We got our answer when the team signed the passer to a seven-year, $126-million deal while allowing Josh McCown to flee to Tampa Bay in free agency. Trestman says the decision to hitch his wagon to Cutler was a no-brainer.
"The number one thing from my standpoint is the way that he has invested in the Chicago Bears," Trestman told Dan Wiederer of the Chicago Tribune. "Jay has been emotionally and selflessly invested in ways that he wouldn't talk about. But he really cares about this organization and every day he's a very, very observant person and he's a very proactive person in terms of inserting himself in all areas of this building to help this organization get better. ...
"It has been very, very impressive to watch how he has worked intelligently and selflessly to do that."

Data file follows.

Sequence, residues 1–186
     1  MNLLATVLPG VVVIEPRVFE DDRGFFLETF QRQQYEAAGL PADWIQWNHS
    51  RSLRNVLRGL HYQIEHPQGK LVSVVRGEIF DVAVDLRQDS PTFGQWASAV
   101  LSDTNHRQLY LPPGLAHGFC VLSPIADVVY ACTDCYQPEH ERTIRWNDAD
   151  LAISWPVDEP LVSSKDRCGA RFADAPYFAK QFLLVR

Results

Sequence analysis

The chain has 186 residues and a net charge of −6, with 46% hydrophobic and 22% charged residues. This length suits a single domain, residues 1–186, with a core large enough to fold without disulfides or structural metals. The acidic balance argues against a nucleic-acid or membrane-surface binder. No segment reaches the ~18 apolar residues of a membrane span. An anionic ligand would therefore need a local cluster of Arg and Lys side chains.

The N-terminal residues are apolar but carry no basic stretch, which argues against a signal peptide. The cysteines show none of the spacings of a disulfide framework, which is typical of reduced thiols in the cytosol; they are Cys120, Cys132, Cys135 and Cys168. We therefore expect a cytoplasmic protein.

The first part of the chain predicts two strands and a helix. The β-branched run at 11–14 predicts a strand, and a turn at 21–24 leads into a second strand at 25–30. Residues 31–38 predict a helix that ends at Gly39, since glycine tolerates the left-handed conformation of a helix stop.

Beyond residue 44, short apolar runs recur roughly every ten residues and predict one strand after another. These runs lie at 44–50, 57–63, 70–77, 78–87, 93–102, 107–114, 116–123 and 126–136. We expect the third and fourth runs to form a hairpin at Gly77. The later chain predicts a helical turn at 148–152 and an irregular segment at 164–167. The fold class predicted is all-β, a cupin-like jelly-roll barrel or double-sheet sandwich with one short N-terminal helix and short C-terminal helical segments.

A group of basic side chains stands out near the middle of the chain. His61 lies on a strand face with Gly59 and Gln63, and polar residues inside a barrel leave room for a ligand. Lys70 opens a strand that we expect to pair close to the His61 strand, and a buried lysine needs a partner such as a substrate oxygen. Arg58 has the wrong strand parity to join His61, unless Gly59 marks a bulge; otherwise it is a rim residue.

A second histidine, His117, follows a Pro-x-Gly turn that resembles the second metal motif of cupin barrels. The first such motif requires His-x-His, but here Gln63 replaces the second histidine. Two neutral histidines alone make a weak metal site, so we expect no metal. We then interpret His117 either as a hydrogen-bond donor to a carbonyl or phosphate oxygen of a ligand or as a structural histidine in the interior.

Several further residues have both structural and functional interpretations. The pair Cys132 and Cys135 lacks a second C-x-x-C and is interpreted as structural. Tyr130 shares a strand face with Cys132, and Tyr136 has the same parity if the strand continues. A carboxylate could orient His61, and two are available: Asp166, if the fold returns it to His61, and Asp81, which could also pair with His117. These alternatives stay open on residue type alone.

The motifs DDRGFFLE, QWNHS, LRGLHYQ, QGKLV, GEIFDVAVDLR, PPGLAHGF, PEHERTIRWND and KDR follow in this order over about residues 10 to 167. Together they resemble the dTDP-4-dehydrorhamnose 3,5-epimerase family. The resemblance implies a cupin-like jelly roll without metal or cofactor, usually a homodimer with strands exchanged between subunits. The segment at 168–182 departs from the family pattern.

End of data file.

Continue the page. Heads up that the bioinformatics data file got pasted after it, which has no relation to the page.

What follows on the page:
Trestman also pointed to the analytics study general manager Phil Emory compiled on Cutler's play, while touting his quarterback's ability to grasp offensive concepts from the neck up.
"I have great respect for Jay's football intelligence and his skillset. When we came in here, we knew he had the skillset," Trestman said. "The issue was, 'Could we work together on a daily basis?' because we both love football and we want to help our football team. And the answer to that question was a clear yes."
Cutler's arm strength and athleticism have never been questioned. The occasional drift in performance has come from too many on-field mistakes, a tendency Trestman has focused on with his 31-year-old starter.
Cutler was a different passer under Trestman's guidance before an ankle injury threw his season off course and paved the way for McCown's breakout relief performance. If he can stay on the field, the outstanding coaching Cutler has received is bound to translate into better numbers.
The money they handed him tells us the Bears expect nothing less.